This article appears in today's New York Times.
WASHINGTON — Defense Secretary Leon E. Panetta has confirmed publicly for the first time that an imprisoned doctor in Pakistan was working with the C.I.A. to gain access to Osama bin Laden’s compound in the months before American troops killed Bin Laden last May.
Mr. Panetta, in an interview on the CBS News program “60 Minutes” to be broadcast Sunday, also said he believed that some officials in Pakistan knew that Bin Laden was hiding in the sprawling Abbottabad compound that was encircled with walls 18 feet high. CBS released excerpts from the interview on Saturday.
“It was the largest compound in the area,” Mr. Panetta said. “So, you would have thought that somebody would have asked the question, ‘What the hell’s going on there?’ ”
Mr. Panetta said that his beliefs were based on a hunch rather than any hard evidence, and American officials have said privately that the cache of electronic files seized at Bin Laden’s compound contain no proof that Pakistani authorities were protecting Bin Laden.
Still, Mr. Panetta, who was the director of the C.I.A. when the raid occurred, said that one of the reasons the Obama administration did not notify Pakistan’s government before the Navy Seal raid last May was that American spy agencies had previously spotted Pakistani military helicopters flying over the compound and were concerned that Pakistani authorities might tip off Bin Laden.
Mr. Panetta is the first American official to publicly confirm that a Pakistani doctor imprisoned by Pakistan’s intelligence service in the days after the Bin Laden raid had been working for the C.I.A., collecting intelligence in Abbottabad.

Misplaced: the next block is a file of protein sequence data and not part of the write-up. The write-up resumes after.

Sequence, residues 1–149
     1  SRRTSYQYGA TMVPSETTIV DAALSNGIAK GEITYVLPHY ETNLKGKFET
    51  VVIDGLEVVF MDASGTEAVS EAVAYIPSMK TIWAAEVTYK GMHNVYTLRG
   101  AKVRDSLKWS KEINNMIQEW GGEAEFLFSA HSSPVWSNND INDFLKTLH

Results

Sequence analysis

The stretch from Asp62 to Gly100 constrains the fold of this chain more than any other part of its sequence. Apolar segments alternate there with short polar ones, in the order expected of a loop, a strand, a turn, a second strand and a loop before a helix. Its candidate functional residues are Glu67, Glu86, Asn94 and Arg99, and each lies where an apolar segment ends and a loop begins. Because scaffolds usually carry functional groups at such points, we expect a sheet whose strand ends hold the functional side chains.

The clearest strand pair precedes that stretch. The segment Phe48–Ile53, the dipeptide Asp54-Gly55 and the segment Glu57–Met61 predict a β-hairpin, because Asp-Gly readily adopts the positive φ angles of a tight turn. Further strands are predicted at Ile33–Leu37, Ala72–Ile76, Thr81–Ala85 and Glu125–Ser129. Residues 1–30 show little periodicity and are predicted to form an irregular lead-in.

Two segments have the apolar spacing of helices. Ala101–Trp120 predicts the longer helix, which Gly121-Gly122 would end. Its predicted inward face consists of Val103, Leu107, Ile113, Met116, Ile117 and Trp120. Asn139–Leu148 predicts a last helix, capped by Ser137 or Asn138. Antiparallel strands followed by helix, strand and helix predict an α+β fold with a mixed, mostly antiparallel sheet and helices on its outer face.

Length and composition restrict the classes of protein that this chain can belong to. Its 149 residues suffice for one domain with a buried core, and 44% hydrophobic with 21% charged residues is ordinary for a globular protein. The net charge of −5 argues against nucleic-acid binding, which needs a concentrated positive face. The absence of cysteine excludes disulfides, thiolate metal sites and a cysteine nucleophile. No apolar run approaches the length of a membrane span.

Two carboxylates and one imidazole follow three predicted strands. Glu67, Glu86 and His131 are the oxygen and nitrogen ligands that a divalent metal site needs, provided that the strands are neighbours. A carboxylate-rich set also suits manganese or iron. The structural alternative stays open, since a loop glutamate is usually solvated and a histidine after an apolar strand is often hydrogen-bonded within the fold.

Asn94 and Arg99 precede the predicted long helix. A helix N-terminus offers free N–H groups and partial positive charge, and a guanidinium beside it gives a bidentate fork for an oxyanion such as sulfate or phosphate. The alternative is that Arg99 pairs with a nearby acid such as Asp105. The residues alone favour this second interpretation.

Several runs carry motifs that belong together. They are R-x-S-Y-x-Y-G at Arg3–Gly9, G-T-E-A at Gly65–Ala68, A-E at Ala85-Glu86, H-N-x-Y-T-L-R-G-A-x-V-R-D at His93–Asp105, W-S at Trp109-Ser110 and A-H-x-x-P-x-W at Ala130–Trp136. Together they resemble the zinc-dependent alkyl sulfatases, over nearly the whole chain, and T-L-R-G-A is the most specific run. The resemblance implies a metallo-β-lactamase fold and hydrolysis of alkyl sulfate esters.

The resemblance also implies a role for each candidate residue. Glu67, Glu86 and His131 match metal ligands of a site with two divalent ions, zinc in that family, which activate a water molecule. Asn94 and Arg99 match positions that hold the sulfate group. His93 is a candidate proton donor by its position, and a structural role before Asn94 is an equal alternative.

American officials have said that the doctor, Shikal Afridi, had been running a phony hepatitis B vaccination program as a ruse to obtain DNA evidence from members of Bin Laden’s family, who were thought to be holed up in the Abbottabad compound.
Obtaining DNA at the compound would have allowed Americans to match the samples with Bin Laden family DNA evidence on file at the C.I.A., providing evidence that Bin Laden was hiding in Abbottabad.
American officials have said that the doctor gained access to the compound but never saw Bin Laden and was not successful in getting any DNA samples.
Still, Mr. Panetta said in the “60 Minutes” interview that Mr. Afridi had provided intelligence to the C.I.A. that was “very helpful” to the Bin Laden operation, and he expressed anger that Pakistan had charged the doctor with treason.
“For them to take this kind of action against somebody who was helping to go after terrorism, I just think is a real mistake on their part,” he said.